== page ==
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Who is Shooting Who in South Africa?

By Duane Jethro Ryan Anderson, writing for the anthropology blog Savage Minds, recently raised the question of the usefulness of authenticity as a methodological tool in the social sciences. Invoking Edward Bruner’s observation that, “authenticity is a red herring, to be examined only when tourists, the locals, or the producers themselves use the term” (Culture on Tour, 2005:5), Anderson argues that authenticity can be constructive in so far as it opens up possibilities for “empirical investigation [into] how different people create and imagine what is and what is not authentic”. Drawing on the controversial case of the Damon Winter’s manipulated …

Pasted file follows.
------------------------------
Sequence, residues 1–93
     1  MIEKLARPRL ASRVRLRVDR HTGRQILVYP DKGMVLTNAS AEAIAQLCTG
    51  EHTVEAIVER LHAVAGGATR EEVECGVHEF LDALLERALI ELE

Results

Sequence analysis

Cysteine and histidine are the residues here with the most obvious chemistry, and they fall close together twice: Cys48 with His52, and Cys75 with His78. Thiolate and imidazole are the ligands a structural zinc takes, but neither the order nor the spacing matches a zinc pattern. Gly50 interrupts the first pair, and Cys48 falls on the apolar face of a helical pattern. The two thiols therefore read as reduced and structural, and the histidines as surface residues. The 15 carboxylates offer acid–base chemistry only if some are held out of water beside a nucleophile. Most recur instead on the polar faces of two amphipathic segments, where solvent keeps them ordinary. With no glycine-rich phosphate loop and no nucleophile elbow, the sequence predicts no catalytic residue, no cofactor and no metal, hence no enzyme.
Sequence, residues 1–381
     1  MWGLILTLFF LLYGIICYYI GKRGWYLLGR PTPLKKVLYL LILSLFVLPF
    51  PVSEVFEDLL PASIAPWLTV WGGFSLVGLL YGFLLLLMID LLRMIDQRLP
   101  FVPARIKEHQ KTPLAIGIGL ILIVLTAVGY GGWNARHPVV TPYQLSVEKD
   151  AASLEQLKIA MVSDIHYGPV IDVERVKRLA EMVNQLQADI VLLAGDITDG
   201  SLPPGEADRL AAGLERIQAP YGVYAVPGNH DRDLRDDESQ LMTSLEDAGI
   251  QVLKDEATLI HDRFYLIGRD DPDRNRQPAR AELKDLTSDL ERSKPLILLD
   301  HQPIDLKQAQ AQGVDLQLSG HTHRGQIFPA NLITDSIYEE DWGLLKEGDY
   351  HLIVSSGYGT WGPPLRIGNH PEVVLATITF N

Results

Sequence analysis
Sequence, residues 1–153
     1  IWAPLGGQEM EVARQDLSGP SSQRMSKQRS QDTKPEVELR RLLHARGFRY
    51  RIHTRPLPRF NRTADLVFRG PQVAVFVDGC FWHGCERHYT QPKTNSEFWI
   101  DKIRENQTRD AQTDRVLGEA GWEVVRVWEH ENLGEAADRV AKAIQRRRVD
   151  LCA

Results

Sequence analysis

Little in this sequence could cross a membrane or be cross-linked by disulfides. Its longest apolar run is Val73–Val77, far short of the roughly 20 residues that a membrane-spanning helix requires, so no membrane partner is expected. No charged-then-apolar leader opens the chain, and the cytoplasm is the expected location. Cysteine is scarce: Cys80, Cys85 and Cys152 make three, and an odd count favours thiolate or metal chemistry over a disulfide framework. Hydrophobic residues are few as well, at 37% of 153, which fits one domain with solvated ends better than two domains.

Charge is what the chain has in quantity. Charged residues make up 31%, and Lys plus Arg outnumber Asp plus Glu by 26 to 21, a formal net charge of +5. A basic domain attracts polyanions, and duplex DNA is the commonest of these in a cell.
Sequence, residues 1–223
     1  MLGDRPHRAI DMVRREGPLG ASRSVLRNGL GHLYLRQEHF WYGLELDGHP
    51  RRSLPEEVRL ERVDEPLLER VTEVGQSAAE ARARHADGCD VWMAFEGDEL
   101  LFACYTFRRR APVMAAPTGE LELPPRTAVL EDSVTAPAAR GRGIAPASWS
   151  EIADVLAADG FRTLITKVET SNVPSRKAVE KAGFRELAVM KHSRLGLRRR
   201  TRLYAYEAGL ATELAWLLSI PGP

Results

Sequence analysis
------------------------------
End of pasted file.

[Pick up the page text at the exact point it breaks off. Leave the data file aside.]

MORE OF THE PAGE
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Reading a Post-Apartheid Memorial

  Photo by April Killingsworth Duane Jethro Sunday 8 August, 2010: I am on an expedition to find an elusive Sunday Times memorial in Soweto, Johannesburg. On the way, I drive through Vilakazi Street, passing by Nelson Mandela’s former home. It has been transformed into a museum. The precinct surrounding his former domicile is teeming with tourists and a host of locals plying a range of different commercial strategies aimed at cashing in on the spoils of the heritage venture. Further along the way, I pass the monumental Hector Pieterson Memorial and Media Centre, another heritage project erected during the post-apartheid …

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World Cup Mania: Beyond the vuvuzela